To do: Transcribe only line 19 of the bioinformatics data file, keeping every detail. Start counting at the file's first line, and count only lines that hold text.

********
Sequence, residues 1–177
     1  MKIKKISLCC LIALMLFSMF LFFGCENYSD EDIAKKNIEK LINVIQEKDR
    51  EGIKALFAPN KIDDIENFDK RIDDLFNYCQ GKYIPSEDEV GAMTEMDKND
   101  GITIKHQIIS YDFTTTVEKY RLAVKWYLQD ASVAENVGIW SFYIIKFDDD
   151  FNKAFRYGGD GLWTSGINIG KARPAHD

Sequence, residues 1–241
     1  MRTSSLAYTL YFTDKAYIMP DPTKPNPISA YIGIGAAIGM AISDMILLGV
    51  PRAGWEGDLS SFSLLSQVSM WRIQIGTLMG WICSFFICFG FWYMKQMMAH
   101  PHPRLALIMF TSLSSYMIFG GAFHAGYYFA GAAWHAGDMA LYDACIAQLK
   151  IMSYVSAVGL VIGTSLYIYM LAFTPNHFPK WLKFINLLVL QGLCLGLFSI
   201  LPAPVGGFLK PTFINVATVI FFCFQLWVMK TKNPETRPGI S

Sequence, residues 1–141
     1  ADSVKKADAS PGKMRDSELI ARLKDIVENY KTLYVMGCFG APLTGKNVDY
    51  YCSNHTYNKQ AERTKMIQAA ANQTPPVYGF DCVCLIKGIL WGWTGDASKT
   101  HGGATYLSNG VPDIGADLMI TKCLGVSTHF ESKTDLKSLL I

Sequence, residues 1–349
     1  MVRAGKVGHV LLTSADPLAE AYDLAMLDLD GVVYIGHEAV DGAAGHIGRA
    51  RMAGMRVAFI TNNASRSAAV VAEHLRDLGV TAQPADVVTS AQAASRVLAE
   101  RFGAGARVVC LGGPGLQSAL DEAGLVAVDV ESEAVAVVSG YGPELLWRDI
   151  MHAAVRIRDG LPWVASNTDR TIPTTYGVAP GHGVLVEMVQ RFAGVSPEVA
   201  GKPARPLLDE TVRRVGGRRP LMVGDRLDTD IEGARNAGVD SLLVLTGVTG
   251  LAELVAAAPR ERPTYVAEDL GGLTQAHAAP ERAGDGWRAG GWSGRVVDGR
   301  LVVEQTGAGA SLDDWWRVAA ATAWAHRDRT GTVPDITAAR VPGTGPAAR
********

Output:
   101  RFGAGARVVC LGGPGLQSAL DEAGLVAVDV ESEAVAVVSG YGPELLWRDI